How You Can Stop Being Broke all the Time
"I just got paid and I'm already broke." Does that sound familiar? There are tons of memes that revolve around that first sentence; that's how you can tell it's a widespread and shared problem. However, it is possible to get out of that vicious cycle. Here's what to do:
Set a SMART goal
First, determine what your goal is. Is it to build up emergency savings or save for a trip or pay down debt? While it's completely up to you, I suggest choosing a goal (or goals) that will have the most positive impact on your financial situation. Whatever you decide, your goal should be specific, measurable, attainable, realistic, and timely.
Track your spending
One of the biggest issues people have with their budget is that they don't know where their money goes. It's important to track your spending for at least a month to get a good idea of how you spend and where it all goes.
Create a realistic spending plan
Once you've determined where your money goes, it's time to create your budget or spending plan. In order to achieve your financial goals and to not feel broke, you will likely need to pick areas where you can reduce spending. That may sound painful, but what's worse: having to cut back on the little things or always feeling perpetually broke and not being able to do what you want? Plus, reducing doesn't necessarily mean completely eliminating. So look at non-necessities like cable, memberships, entertainment, dining out, coffee. If you get coffee from a coffee shop once a week, eliminating that could save you $20/month or more. Every little bit helps!
Stop keeping up with the Joneses (or trying to)
So many times we feel bad about our situations because we're comparing ourselves with others. Social media doesn't help either because we can see every hour of the day what we're potentially missing out on. We need to quit worrying about that and focus on ourselves because everyone is in a different situation. Plus, that friend that just went to Grand Cayman may have charged it all on a credit card and will be paying it off for five, 10, or maybe even 15 years. The grass isn't always greener even though it may seem like it.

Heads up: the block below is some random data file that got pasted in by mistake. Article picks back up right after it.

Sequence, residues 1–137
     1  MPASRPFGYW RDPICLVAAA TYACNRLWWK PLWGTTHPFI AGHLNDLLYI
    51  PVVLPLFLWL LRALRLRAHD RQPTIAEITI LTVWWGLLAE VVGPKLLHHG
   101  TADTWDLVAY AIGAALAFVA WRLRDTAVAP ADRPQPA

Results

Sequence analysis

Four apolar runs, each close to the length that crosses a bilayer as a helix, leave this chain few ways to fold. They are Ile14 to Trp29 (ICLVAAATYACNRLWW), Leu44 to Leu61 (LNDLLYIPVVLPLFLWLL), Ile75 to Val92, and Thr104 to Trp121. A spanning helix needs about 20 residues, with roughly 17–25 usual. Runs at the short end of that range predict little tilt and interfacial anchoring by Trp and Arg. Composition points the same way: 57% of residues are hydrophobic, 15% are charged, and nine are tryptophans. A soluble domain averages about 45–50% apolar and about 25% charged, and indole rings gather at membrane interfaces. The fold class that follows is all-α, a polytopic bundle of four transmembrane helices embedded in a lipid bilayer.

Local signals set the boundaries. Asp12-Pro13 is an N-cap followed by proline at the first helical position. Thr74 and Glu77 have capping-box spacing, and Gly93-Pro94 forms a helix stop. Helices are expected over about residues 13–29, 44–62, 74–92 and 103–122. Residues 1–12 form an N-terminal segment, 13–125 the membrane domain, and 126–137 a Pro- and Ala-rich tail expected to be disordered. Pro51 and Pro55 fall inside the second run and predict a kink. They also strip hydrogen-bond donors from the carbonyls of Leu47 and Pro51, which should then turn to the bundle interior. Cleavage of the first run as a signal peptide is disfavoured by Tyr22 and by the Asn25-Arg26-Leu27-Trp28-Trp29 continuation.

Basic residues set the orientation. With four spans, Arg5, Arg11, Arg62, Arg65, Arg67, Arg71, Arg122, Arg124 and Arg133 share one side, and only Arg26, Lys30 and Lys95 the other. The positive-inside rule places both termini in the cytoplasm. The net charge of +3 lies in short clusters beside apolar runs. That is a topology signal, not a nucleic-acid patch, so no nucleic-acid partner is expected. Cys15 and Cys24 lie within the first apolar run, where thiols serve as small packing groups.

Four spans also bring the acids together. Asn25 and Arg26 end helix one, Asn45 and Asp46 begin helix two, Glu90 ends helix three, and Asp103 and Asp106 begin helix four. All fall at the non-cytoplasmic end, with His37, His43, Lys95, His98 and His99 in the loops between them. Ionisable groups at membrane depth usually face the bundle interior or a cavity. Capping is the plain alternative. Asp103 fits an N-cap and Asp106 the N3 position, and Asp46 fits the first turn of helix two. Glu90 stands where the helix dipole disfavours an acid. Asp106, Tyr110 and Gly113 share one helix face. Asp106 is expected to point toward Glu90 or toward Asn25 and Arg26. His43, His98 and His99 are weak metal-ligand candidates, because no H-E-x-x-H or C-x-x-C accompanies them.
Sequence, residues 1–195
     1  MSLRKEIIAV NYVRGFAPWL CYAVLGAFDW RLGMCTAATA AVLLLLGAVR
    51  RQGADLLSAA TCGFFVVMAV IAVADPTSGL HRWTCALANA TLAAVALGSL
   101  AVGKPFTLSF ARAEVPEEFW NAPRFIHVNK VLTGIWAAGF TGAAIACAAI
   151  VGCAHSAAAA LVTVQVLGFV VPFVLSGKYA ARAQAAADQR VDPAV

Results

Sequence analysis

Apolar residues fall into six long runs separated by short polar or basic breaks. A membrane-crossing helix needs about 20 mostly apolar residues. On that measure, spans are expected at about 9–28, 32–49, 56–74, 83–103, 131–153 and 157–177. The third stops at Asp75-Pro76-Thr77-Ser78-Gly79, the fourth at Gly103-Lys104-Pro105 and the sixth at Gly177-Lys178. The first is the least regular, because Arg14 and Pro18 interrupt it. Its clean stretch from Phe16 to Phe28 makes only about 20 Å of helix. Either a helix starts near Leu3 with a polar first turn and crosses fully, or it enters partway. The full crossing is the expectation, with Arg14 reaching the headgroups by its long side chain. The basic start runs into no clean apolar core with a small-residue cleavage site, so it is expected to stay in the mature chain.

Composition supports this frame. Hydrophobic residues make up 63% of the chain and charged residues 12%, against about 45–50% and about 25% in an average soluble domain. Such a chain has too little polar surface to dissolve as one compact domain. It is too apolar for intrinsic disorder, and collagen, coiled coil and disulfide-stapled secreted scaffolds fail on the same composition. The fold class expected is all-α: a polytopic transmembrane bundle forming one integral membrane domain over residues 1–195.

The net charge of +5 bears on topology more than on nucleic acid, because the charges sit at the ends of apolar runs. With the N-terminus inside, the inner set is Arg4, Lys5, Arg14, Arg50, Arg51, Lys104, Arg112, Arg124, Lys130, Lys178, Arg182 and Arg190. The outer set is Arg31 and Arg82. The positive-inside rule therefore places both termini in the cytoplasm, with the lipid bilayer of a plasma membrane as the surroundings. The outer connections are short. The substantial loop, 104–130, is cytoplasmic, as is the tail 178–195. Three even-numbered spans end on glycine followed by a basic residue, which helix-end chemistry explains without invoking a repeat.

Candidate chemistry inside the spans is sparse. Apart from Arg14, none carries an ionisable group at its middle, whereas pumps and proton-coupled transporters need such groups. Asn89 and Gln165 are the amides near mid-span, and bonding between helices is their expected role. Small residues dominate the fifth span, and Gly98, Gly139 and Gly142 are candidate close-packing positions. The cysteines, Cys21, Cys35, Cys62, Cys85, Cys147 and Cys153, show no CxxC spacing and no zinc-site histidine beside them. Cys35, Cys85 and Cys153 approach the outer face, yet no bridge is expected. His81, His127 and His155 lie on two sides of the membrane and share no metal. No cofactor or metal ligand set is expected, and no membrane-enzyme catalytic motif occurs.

Create a plan to pay off debt
Credit card or other debt may be what's holding you back from really enjoying life. Having to make debt payments can prevent you from being prepared for emergencies, going to that concert, getting that massage, and much more. Plus, it's just plain stressful worrying about debt. Paying it off will give you some breathing room and will help you achieve your financial goals even faster.
LSS Financial Counseling offers free financial counseling. We can help you create a plan to conquer your debt, possibly with a Debt Management Plan, which would help you pay off debt faster and save money. Call us for your free session at 888.577.2227 or click to GET STARTED ONLINE.
If this isn't one of your goals right now, it should be soon. Having an emergency savings account can be the difference between paying for that broken appliance or vet bill versus having to purchase something on credit, which creates debt and another monthly payment. So start saving - no matter how small. Setting up automatic deposits into a separate savings account is the best way to save. But, it's not the only way. Save change or what you reduce in spending, set that aside each week or month. Then, if you get some kind of windfall, like a bonus or tax refund, consider putting at least half of that into savings. You can also look at selling things you no longer need/use to build up savings.
Get your family/friends involved
Include your partner/spouse/kids in the activities to achieve your goals. It will keep everyone accountable and teach your kids smart money habits. Or create a financial challenge with your friends and see who can save more by a certain date. You're more likely to be successful if you have some support. Not to mention if your friends/family know you're trying to save money, you can do things together that won't break the bank.
It's no fun to feel broke all the time and it doesn't have to be that way. You need to create a plan, take action on it, and then stick to it as best you can. And nobody is perfect, so if you stumble a little bit just get back to working on your goals when you can.
Author Elaina Johannessen is a Program Director with LSS Financial Counseling.